impulse control, impulsive, disinhibition, tbi, brain injury


Disinhibition is a behavioral change that can be seen after a brain injury, particularly after damage to the frontal lobe area. When this occurs, an individual is unable inhibit or control socially inappropriate thoughts, emotions, and behaviors. Their inability to filter themselves affects them emotionally and socially, making it challenging to follow social norms and established rules. Their actions as a result of their disinhibition have been described by others as being insensitive towards others, immature, and can pose as a challenge to maintain or form new relationships with others.

Disinhibition may look like either of the following signs: 

  • Engaging in aggressive or risky behaviors 
  • Being impulsive in their decisions  
  • Laughing at inappropriate times 
  • Being overly friendly towards others including strangers 
  • Oversharing information with others 
  • Speaking their mind before thinking 
  • Being sexually inappropriate with others 
  • Speaking from an egocentric perspective (e.g., selfishness, childishness, or arguing) 

Not only does this impact the brain injury survivor but can be distressing for families may not fully understand the causes of this new behavioral issue. The individual may feel isolated and disconnected from others, which can lead to depression or anxiety. Unfortunately, this can lead to a decrease in their life satisfaction, difficulties integrating back into their community, or experiencing possible legal problems. One study found that six and twelve months after experiencing a BI, individuals experienced suicidal ideations. Although it can become a serious problem, there is hope on recovering from their disinhibition. The following treatments and strategies are listed below: 

Strategies or Treatments: There are no known published treatment strategies specifically for disinhibition from TBI.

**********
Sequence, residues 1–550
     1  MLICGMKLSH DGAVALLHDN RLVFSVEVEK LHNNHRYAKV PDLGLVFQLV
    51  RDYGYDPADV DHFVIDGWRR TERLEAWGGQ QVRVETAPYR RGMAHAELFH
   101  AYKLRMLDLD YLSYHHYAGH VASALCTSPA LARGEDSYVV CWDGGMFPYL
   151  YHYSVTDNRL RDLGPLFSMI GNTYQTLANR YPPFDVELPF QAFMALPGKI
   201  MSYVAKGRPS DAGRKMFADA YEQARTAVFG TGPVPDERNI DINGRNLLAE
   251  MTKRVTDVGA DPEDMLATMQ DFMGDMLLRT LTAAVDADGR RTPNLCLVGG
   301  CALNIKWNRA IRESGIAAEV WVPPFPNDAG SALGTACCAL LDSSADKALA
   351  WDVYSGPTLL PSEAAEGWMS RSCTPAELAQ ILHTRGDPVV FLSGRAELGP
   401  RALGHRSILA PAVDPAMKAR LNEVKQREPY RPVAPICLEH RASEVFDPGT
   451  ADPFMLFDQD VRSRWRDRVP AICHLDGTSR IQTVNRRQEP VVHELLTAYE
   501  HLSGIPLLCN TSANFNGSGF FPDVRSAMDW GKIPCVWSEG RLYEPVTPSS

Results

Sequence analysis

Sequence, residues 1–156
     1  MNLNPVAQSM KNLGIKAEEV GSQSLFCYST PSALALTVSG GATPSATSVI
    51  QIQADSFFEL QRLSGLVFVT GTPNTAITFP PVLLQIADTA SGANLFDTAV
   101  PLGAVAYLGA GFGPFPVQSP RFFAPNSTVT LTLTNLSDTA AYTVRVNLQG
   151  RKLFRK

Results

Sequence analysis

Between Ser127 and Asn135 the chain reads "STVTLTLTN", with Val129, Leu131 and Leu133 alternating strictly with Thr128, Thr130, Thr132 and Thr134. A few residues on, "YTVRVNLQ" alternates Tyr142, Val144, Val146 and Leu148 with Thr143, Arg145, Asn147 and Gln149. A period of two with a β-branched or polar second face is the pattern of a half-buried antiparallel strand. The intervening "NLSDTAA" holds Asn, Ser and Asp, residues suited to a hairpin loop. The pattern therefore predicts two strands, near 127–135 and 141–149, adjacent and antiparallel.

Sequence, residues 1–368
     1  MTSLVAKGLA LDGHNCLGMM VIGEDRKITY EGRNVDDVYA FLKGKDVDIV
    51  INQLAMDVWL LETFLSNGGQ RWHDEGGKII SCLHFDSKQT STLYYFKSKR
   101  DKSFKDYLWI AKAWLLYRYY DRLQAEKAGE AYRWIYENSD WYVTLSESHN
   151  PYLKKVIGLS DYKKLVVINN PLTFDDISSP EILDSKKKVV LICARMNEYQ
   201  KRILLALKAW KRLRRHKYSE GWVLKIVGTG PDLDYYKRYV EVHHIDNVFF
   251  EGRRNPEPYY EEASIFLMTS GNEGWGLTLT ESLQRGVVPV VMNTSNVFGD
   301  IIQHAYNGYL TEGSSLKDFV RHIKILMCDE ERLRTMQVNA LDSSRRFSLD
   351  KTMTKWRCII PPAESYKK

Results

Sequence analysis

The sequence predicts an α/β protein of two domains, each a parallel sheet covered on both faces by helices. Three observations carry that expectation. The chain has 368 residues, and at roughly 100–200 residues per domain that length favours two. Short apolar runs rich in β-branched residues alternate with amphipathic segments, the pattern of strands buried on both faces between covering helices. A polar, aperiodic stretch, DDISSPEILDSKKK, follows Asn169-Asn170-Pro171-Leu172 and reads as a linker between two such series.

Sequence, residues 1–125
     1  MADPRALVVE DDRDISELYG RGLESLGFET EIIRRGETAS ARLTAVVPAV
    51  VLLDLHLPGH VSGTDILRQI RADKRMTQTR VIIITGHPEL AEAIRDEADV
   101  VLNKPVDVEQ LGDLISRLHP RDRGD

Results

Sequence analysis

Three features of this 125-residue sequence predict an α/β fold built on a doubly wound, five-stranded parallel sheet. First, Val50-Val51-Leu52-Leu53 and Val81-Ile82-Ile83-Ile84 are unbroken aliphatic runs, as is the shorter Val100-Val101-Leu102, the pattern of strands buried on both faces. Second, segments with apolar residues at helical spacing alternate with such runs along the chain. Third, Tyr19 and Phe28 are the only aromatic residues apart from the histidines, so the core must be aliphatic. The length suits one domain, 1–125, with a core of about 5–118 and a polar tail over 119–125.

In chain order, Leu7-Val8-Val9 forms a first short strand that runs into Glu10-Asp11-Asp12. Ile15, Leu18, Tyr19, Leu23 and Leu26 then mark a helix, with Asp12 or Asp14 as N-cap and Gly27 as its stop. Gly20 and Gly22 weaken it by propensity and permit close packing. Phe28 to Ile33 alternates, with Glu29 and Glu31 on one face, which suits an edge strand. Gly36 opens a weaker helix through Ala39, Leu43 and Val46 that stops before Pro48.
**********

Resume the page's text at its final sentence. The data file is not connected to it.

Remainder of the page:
• Practicing restraining their impulses, usually with the help of a professional – This repetition can help regain wanted behaviors through the brain’s ability to form new connections (neuroplasticity). 
  • Surrounding yourself with a healthy support system that understands the condition and can help when engaging in appropriate behaviors 
  • Modifying your environment is also a technique used. For example, if the individual has impulses to spend money, they can delete shopping apps, unsubscribe from emails, and block certain websites 
  • Behavioral Therapy can be used to change behaviors when it is more difficult due to the individual’s inability to recognize their actions are inappropriate
  • Applied Behavioral Analysis has been used for BI patients with disinhibition and has shown to be effective at addressing behavioral problems
  • Cognitive Behavioral Therapy (CBT) is another form of therapy that can used if patients do not have severe cognitive deficits. Utilizing CBT can help the patient identify the thoughts behind their actions
  • Insight-Oriented Psychotherapy addresses harmful beliefs rather than the triggers that CBT focuses on
  • Referrals to see a neuropsychologist have also been recommended for disinhibition
  • Medications might be prescribed if the patient’s behaviors are aggressive, harmful or dangerous. The medications prescribed are not specifically to treat disinhibition itself (e.g., antipsychotics, mood stabilizers, and anti-anxiety medications).
  • For Family Members: Remember to keep in mind that these behaviors are not done maliciously, and the individual is not trying to hurt anyone through their actions. We all experiences thoughts or impulses that the typical person can easily filtered throughout their day. It is important to remain supportive throughout their recovery process and to be patient as they navigate through their injury. 


Osborne-Crowley, K., McDonald, S., & Francis, H. (2016). Development of an observational measure of social disinhibition after traumatic brain injury. Journal of Clinical & Experimental Neuropsychology38(3), 341–353.  

Osborne-Crowley, K., & McDonald, S. (2018). A review of social disinhibition after traumatic brain injury. Journal of Neuropsychology12(2), 176–199. 

FlintRehab. (2010). Disinhibition after brain injury: Causes, treatment, and management. FlintRehab. 

Kim, E. (2002). Agitation, aggression, and disinhibition syndromes after traumatic brain injury. NeuroRehabilitation17(4), 297–310. 

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